• Supporting XP/IE 8 isn't bad. It supports TLS 1.0, though its best cipher suite is DES-CBC3-SHA and it doesn't support perfect forward secrecy or SNI. (Its second-best cipher suites are RC4-SHA and RC4-MD5. 3DES is very slow, but RC4 has security issues. Avoid it if possible.)

  • 2048-bit Diffie-Hellman parameters are best from a security point of view, but Java 6 only supports 1024-bit parameters. Common 1024-bit parameters may or may not have been broken by NSA supercomputers, but 1024-bit DH is otherwise more or less safe for now. You might need to use it. (Java 7 supports ECDHE, bypassing the whole issue of DHE parameter size.)

Mozilla's primary cipher suite list includes RC4. As above, I recommend the list from the RC4 weaknesses section that uses 3DES instead.

Mozilla's configuration examples enable SSL 3.0. As I said, I would discourage that.

Mozilla's configuration examples mainly recommend 2048-bit DH parameters, but they also give 1024 as an option.

  • +1 for pointing out the weak parts of mozillas suggestions Feb 18, 2014 at 11:48
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    Mozilla have since this post change the page to create 3 security levels, depending of your browser version requirement: Modern, Intermediate, old/legacy
    – higuita
    Oct 16, 2014 at 16:31

Of course, the first step is to keep OpenSSL (or the library you use) up to date.

But as new vulnerabilities are discovered and browsers are upgraded, the answers here can (will) become outdated. I'd suggest you rely on the Mozilla SSL Configuration Generator to check which configuration you should use.

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The 'Optimal' SSL Cipher that you configure on your webserver would depend on your customer requirements. In many cases, that would be a factor in the choice of the protocol and cipher suites. Not sure if that is the case for you.

You could configure the best security possible -- only support TLS 1.2 protocol, only ciphers with Perfect Forward Security (PFS) and only AES 256. Within PFS, you may support only the elliptic curve variant ECDHE. You may choose the newer secure GCM ciphers that provide authenticated-encryption and provide very good performance (with AES-NI instruction). But if your most important customer uses IE8 on Windows 7 and you cannot convince them to upgrade the browser, then they won't be able use your service and you will lose a customer.

ssllabs.com provides a web service to scan your site and give ratings like A+, A, B etc. The rating is based on numerical scores (max 100) received for 4 parameters --- Certificate, Protocol Support, Key Exchange and cipher strength. They give higher marks if Perfect Forward Secrecy (PFS), Strict Transport Security (HSTS), to name a few, are supported.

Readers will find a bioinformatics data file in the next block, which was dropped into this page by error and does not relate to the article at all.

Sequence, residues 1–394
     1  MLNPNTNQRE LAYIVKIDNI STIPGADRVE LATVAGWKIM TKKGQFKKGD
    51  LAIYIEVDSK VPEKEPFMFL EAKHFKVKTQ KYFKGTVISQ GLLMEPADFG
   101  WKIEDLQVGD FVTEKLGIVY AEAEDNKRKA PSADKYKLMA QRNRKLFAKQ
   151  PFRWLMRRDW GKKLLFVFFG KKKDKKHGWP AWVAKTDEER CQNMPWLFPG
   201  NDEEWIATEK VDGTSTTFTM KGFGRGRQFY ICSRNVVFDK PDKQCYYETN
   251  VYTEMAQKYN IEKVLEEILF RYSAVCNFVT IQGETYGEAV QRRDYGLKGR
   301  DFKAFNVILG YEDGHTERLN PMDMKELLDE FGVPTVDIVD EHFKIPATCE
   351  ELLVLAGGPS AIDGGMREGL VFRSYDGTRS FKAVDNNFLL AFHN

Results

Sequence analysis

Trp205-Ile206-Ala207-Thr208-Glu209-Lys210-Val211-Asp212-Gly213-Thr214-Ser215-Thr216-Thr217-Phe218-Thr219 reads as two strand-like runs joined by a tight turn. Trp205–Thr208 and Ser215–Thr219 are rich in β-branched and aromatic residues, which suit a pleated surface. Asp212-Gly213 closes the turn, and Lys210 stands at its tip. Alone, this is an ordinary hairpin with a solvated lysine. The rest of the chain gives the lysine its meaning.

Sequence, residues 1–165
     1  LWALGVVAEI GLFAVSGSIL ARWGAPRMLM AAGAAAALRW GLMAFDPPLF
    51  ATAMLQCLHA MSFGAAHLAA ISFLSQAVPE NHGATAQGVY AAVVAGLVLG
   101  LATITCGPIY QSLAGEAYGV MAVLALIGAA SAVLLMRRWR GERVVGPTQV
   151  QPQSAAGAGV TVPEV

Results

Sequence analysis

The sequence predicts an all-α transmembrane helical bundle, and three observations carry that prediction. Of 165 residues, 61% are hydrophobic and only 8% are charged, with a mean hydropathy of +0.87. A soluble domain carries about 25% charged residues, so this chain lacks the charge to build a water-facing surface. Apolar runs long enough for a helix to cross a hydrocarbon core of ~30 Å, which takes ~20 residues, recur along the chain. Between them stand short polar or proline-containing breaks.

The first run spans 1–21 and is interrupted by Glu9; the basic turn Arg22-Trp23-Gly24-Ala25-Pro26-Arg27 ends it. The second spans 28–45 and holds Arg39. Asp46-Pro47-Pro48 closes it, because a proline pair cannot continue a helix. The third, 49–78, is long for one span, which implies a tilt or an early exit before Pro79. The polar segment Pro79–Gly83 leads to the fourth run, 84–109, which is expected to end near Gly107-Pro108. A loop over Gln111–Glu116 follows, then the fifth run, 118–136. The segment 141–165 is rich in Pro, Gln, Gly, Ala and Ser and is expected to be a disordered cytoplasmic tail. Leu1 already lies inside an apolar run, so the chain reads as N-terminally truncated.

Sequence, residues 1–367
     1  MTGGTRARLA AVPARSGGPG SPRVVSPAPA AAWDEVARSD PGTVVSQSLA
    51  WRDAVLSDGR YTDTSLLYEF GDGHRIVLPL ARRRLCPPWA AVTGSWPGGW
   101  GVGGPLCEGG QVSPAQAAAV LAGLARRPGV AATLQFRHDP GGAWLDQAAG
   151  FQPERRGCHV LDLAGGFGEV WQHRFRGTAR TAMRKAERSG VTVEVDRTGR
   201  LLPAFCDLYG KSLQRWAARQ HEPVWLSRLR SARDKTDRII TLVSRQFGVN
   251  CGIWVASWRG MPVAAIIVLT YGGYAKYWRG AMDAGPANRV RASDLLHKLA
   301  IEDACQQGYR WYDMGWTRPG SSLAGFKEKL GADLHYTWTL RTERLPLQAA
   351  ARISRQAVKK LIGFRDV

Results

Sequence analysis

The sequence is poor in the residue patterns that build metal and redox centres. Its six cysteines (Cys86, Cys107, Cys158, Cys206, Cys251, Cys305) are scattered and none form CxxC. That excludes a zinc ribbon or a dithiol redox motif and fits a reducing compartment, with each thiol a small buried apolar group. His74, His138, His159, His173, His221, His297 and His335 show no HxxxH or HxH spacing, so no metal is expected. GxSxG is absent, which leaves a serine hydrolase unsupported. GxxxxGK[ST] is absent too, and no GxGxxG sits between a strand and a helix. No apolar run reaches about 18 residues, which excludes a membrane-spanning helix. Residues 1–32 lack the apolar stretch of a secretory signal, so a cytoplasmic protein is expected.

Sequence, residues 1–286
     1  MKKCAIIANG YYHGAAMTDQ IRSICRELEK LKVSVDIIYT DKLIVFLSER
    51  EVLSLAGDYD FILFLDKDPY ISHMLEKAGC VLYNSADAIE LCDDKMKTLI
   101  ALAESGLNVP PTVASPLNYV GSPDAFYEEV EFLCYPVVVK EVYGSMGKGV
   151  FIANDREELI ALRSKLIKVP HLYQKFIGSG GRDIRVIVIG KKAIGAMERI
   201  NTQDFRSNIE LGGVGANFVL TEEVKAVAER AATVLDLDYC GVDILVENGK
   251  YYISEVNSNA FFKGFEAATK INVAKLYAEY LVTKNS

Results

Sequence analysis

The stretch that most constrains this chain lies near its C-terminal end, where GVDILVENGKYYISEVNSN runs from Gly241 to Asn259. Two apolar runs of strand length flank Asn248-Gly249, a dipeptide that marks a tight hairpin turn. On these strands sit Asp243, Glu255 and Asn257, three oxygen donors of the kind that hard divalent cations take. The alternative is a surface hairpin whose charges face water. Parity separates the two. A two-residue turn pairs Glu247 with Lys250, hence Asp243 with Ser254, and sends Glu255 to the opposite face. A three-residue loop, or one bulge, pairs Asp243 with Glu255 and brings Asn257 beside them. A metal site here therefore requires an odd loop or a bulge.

Note that the score may change over a period of time as browsers and servers get patched, new weaknesses emerge, new exploits are discovered etc. Earlier, ssllabs gave a lower rating to sites that did not implement server-side mitigations for the BEAST attack, but they have stopped doing that as they consider it mitigated on the client side (except for the laggard Apple), but more so because the mitigation involved enforcing RC4 (for protocols TLS 1.0 or lower) and it turns out that RC4 is much weaker than previously thought.

You can go to the ssl labs site, enter your url and get the score.

The SSL labs report includes a section on Handshake simulation where it shows a bunch of clients (browsers, Java, openssl) and what protocols, cipher suites, key sizes will be negotiated with your server. If negotiation is not possible it will show "Protocol or cipher suite mismatch" in red. You can lookup the Handshake simulation for the configuration used by your important customers. For e.g., you may see the entry

IE 8-10/Win7, TLS 1.0, TLS_ECDHE_RSA_WITH_AES_256_CBC_SHA, FS 256

But say you tighten your server's ssl configuration to support only TLS 1.2, then this row will read

IE 8-10/Win7, Protocol or cipher suite mismatch, Fail

But, as your customers migrate/update/upgrade, you can tighten the security with the goal of TLS 1.2 only, PFS only and 256 bits only

Another important info the report provides is whether the cipher suites are in server-preferred order or not. In the former case, the order of ciphers listed in the server configuration will be honored --- so you put the preferred cipher suites first. The first cipher in the list that both server and client can use will be chosen. If you use Apache, you can enable this with the directive "SSLHonorCipherOrder on". For nginx, the directive is "ssl_prefer_server_ciphers on;"